Democratic leaders of the committee wrote in a 20-page letter in April that the commanders and Snyder “may have engaged in a disturbing, long-standing and potentially illegal pattern of financial conduct” that allegedly involved withholding as much as $5 million in refundable deposits from season ticket holders and also hide money that was supposed to be shared between NFL owners. The team has denied having committed financial improprieties at all times and has characterized the committee’s actions as politically motivated.

The office of Karl A. Racine, then the Democratic attorney general of D.C., filed a consumer protection lawsuit in November against the Commanders, Snyder, the NFL and Goodell, accusing them of colluding to deceive and mislead customers about an investigation into the team’s workplace. to maintain the fan base in pursuit of income. The team and the NFL denied the allegations, and lawyers for the team said the lawsuit “repeated numerous innuendos, half-truths and lies.”

Racine’s office filed another lawsuit that month against the Chiefs regarding refundable deposits that were allegedly not returned by the team to season ticket holders from the district. The commanders said a review by an outside law firm “found no evidence that the team intentionally withheld security deposits that should have been returned to customers, or that the team improperly converted any unclaimed deposits into revenue.” Racine has since been succeeded by Brian L. Schwalb (D) as Washington’s attorney general.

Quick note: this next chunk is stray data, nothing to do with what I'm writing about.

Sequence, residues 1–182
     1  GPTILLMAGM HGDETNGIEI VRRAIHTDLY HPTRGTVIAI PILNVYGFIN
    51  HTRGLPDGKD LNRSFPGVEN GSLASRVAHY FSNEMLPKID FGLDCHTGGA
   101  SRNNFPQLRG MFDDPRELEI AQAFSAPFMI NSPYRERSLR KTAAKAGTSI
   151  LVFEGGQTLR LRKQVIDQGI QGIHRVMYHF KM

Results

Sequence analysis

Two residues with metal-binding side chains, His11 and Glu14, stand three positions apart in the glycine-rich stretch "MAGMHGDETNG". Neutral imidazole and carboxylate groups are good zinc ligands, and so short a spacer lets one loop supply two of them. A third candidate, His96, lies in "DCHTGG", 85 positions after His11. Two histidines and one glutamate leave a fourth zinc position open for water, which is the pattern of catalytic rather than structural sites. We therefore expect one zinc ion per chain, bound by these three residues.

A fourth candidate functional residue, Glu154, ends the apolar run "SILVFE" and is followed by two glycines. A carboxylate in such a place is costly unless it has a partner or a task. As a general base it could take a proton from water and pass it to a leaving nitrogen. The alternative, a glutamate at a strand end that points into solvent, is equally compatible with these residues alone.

Maryland Attorney General Brian E. Frosh (D) announced in November that his office’s consumer protection division reached a settlement with the commanders over allegations that the team withheld security deposits from ticket holders. The team paid a civil penalty of $250,000 in a settlement in which they did not admit to the charges. The settlement required the commanders to refund all security deposits that had not yet been returned to consumers.